Summary: Born from the fever swamps of the Bush-era anti-war Left, the Center for Media and Democracy spreads conspiratorial propaganda about conservative donors and organizations. But this organization’s record is long on hypocrisy and special-interest politics and short on the truth.
The Center for Media and Democracy (CMD), based in Wisconsin, is a left-wing media, opposition research, and agitation group. Headquartered in Madison, the group runs websites that provide opposition research against conservative public policy nonprofits; it also files open-records requests harassing conservative state policymakers.
CMD has its origins in the anti-corporate and conspiratorial career of its founder John Stauber and his co-author Sheldon Rampton. The organization served as the launching pad for Stauber and Rampton to write books alleging that the Bush Administration sought to turn the country into a right-wing one-party state and that mad cow disease would become a substantial public health crisis.
In recent years, CMD has shifted its emphasis from anti-war movement publishing and mad cow-related horror stories to leading efforts to restrict business speech and free-market groups’ public influence. CMD operates the websites PR Watch and SourceWatch—both of which serve as repositories for opposition research targeting business-aligned conservative groups, including the Capital Research Center. Since 2011, CMD has orchestrated a series of attack campaigns denouncing free-market, state-level policy organizations like the American Legislative Exchange Council (ALEC) and the State Policy Network (SPN).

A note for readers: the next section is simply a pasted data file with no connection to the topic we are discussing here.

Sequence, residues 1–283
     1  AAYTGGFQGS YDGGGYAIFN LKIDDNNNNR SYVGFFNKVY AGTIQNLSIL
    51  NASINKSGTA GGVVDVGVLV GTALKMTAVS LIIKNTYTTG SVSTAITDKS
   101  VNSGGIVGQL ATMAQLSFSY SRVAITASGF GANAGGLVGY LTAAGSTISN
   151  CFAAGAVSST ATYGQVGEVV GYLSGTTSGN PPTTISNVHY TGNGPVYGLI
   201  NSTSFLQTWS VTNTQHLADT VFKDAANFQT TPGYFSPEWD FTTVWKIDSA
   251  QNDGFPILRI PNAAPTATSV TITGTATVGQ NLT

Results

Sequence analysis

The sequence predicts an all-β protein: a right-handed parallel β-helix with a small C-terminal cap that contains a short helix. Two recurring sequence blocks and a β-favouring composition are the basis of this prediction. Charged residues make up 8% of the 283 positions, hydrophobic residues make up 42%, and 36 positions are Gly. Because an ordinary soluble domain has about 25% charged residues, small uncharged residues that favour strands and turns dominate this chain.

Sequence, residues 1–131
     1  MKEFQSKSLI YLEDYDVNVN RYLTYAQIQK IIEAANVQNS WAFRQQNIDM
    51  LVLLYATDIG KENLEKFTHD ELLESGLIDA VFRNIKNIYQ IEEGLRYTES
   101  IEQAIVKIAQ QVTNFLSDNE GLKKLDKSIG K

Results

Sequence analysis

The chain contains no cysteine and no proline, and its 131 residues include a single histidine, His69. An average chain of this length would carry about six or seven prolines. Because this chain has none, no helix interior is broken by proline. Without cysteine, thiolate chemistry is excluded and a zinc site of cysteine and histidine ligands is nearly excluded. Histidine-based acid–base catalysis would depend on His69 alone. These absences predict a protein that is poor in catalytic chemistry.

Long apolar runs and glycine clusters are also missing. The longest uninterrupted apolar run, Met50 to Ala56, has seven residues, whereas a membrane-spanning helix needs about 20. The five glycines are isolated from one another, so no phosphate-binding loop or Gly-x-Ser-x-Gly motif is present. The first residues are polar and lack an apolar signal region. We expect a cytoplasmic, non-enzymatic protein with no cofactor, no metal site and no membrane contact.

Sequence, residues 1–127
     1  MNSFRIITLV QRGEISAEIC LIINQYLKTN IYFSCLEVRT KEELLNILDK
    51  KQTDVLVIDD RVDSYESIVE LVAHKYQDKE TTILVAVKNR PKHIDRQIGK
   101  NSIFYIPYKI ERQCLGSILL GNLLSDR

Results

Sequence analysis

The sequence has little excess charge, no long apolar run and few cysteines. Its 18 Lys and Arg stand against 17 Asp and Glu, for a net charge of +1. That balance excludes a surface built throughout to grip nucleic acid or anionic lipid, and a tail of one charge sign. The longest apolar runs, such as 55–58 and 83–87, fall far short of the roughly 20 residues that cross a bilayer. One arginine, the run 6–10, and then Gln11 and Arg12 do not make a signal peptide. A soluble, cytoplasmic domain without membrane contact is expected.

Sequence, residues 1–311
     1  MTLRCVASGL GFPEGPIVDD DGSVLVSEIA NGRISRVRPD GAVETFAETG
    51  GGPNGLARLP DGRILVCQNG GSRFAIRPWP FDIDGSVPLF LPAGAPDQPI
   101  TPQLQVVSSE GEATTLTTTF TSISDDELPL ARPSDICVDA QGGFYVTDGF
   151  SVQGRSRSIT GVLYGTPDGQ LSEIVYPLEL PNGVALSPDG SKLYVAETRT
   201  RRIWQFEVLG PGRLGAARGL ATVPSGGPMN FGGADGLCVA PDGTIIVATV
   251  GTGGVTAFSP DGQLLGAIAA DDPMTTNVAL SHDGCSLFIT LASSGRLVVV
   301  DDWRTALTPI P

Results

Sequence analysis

The Tides Foundation and the network of groups associated with progressive billionaire George Soros have provided funding for CMD since the year 2000. Following the 2010 Wisconsin state elections, which saw the state’s governorship and legislature switch from Democratic to Republican control, Center for Media and Democracy changed its stated policy and began receiving contributions from labor unions. In recent years, the organization has received contributions from the AFL-CIO, Service Employees International Union (SEIU), the National Education Association (NEA), the American Federation of State, County, and Municipal Employees (AFSCME), and the American Federation of Teachers (AFT).
As Center for Media and Democracy’s profile has risen in recent years, the group has faced substantial criticism for its hypocritical policies regarding donor disclosure. While CMD lists a carefully screened selection of its funding foundations, the group also takes substantial money from anonymous contributors through donor-advised funds—the very practice decried in other contexts by CMD as “dark money.” In fact, in 2011, CMD received over 60 percent of its revenue from a single donor-advised fund, the Schwab Charitable Fund.
CMD’s Radical History
The Center for Media and Democracy grew out of the far-left environmentalist and anti-capitalist movements launched by Jeremy Rifkin and the Foundation on Economic Trends, where John Stauber worked before founding CMD. With his co-author, Sheldon Rampton, Stauber used his new nonprofit to publish a series of books attacking businesses and the public relations industry.